The same principle could be used to guide people to meeting rooms in offices (and remind people to wrap up a meeting early if their next meeting is a long walk).
Portable asset tracking
Assets can be tracked with RFID tags to let you know the location of portable field kit such as measuring devices, toolboxes, safety-wear etc. They’re cheap enough to attach to mugs too. Maybe with these we can finally prove that it is always Jean from Accounts that swipes your stapler.
Intelligent buildings and smart building management systems go further than remote-control thermostats. Home systems can now be internet-enabled, so it is feasible that employees could have individual controls, similar to seat-specific aircon in cars. It’s been found that temperature (along with privacy) is a major concern of cubicle and open-plan workers.
Meeting room management
Electronic room management has been around for some time, such as Steelcase’s Room Wizard.
I really wish that meeting rooms had a universal interface, so I could use my favourite tablet app to turn on the projector, close blinds, start VC etc. rather than having to learn a new interface every time.
There are devices that can monitor and display electricity usage for the home, but has such tech been integrated into building management systems yet? If energy use was made explicit, it would be more powerful than those ‘switch off the lights’ stickers. Imagine competition and ‘green league table’ between departments.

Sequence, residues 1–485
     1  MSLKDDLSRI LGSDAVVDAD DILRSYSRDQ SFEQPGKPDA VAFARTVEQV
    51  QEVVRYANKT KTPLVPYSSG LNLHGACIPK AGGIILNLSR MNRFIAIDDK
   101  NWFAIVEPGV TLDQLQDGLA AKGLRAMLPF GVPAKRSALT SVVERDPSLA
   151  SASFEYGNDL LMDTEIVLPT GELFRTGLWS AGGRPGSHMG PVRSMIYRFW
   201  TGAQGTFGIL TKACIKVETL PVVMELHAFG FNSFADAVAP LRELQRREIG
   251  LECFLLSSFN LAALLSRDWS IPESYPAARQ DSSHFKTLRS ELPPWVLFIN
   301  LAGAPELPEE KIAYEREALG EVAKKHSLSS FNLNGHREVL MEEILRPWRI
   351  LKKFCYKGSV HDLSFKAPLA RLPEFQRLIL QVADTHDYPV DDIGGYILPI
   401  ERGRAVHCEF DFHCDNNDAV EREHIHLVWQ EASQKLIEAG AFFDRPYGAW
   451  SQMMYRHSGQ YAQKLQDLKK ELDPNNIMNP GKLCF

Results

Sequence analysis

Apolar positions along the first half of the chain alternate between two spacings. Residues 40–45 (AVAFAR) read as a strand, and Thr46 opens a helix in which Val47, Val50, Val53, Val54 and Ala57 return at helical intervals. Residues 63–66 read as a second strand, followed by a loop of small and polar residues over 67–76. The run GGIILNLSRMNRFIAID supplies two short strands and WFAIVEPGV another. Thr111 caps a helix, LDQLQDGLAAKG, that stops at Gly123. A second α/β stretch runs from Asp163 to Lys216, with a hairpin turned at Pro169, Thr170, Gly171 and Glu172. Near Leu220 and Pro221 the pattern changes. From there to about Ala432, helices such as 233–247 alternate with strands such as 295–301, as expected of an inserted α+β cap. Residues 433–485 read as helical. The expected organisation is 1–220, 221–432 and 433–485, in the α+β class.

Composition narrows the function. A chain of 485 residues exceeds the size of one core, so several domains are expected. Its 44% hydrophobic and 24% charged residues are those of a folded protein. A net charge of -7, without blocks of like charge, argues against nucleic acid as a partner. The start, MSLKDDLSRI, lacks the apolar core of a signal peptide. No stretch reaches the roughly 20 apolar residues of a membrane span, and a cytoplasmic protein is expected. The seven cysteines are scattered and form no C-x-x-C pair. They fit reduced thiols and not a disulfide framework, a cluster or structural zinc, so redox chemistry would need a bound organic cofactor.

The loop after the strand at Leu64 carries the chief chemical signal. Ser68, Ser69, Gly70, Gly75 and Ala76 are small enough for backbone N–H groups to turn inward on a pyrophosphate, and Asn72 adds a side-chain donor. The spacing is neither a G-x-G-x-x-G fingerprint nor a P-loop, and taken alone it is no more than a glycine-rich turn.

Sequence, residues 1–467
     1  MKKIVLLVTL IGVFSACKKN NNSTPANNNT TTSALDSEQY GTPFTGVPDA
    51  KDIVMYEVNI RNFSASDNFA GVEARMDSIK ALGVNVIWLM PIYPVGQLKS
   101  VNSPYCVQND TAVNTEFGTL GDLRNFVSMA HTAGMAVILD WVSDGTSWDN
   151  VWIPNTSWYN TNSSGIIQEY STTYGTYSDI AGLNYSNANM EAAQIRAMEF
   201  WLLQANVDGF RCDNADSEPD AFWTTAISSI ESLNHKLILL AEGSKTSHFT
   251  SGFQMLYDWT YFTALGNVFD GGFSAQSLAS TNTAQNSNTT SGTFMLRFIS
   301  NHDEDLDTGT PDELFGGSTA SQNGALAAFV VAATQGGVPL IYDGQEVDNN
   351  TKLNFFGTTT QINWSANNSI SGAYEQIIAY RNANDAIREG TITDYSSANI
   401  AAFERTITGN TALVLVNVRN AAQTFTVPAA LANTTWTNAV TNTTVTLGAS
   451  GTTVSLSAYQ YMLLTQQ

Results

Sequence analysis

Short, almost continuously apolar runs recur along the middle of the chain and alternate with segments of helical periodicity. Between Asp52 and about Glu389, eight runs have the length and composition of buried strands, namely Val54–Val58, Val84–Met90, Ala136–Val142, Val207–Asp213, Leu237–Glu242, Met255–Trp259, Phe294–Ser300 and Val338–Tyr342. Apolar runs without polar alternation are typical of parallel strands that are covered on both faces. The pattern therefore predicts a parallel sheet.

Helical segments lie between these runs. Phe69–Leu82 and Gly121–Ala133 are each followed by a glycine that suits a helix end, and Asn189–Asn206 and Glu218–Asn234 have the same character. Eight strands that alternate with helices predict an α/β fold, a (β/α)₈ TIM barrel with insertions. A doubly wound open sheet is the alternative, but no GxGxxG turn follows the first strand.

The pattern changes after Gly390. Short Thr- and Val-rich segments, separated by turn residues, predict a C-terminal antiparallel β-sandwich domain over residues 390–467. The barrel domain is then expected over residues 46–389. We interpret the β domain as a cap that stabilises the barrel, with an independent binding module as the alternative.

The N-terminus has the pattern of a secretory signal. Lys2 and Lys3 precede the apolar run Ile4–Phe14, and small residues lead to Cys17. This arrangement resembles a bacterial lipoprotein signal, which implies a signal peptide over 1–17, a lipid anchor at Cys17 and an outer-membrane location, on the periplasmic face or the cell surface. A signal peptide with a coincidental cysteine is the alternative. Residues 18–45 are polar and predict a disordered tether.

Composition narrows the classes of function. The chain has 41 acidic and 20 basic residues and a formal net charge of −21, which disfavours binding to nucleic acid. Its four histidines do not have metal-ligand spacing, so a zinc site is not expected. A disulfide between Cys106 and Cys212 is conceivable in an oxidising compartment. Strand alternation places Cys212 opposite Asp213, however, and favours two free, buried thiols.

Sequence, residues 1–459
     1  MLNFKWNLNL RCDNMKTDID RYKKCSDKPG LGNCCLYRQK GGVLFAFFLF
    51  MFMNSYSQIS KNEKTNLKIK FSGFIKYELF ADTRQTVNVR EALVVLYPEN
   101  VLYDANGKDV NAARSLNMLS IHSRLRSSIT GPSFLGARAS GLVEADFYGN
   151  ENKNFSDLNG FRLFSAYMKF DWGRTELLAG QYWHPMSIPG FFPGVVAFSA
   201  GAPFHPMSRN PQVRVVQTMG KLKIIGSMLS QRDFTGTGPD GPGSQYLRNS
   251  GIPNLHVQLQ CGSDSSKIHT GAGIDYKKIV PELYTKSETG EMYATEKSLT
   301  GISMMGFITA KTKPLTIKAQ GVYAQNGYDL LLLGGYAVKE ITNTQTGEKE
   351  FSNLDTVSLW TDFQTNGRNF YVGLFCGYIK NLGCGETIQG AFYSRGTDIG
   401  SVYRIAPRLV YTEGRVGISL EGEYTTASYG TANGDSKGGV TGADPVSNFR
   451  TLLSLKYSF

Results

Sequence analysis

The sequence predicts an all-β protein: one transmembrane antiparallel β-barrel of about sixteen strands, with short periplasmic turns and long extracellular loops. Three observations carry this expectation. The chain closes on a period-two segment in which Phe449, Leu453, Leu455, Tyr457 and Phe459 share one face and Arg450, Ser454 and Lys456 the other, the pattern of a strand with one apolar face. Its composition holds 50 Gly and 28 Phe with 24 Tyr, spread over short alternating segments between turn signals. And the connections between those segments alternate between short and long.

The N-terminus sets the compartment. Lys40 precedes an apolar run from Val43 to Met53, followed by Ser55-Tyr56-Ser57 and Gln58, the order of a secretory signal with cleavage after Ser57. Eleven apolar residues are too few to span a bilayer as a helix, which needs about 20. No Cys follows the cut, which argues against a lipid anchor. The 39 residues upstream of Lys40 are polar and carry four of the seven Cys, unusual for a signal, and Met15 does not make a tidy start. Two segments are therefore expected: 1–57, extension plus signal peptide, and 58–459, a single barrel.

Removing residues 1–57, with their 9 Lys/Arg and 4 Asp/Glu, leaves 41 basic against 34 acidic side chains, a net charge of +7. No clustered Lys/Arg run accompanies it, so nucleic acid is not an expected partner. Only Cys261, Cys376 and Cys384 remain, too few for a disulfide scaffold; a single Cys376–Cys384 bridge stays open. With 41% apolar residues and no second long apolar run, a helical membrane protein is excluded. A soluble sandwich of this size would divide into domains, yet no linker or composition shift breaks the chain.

Geo-fencing sensitive information
Access to sensitive information can be geo-fenced so employees can only view such material on-premises. Alternatively, Titus automatically deletes sensitive emails if a device is taken into a high-risk area. Geo-fencing isn’t so futuristic; you can do lots with location aware apps, like Reminders on iOS.
Outside of the office, many companies monitor the field force, providing working hour data and with analysis, ability to highlight hotspots (e.g. locations / clients that frequently require field support). Beyond fleet vehicles, there are heavy plant and construction vehicles to monitor for faults and security. You can do very cool stuff with vehicle tracking; see the live tube trains, and see London Undergrounds’ sensor network.
Fire drills / emergency evacuations
Finally, what if we need to leave in a hurry? Rather than counting heads and checking lists against ‘who swiped in’ records, imagine if it was practical or desirable to track actual employee locations by wristband or smartwatch. Safety marshalls would be able to know at a glance if anyone was still in a building, and in what room.
A digital carpet could even be useful for different evacuation plans.
Do we want this?
As we’re now able to capture extensive personal data, we have to ask how desirable this would be. For example, would it ever be right to monitor the alertness / fatigue of employees? Nurses report that fatigue plays a part in mistakes – could managers use wristband data to ensure health care professionals are well rested, or would such information be used against the individual?
We’d be interest to hear your thoughts.
By Sam Marshall and Wedge Black
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N.B. Links within this page are not endorsements – we haven’t tested all this technology. We suggest your IT department considers requirements and all options.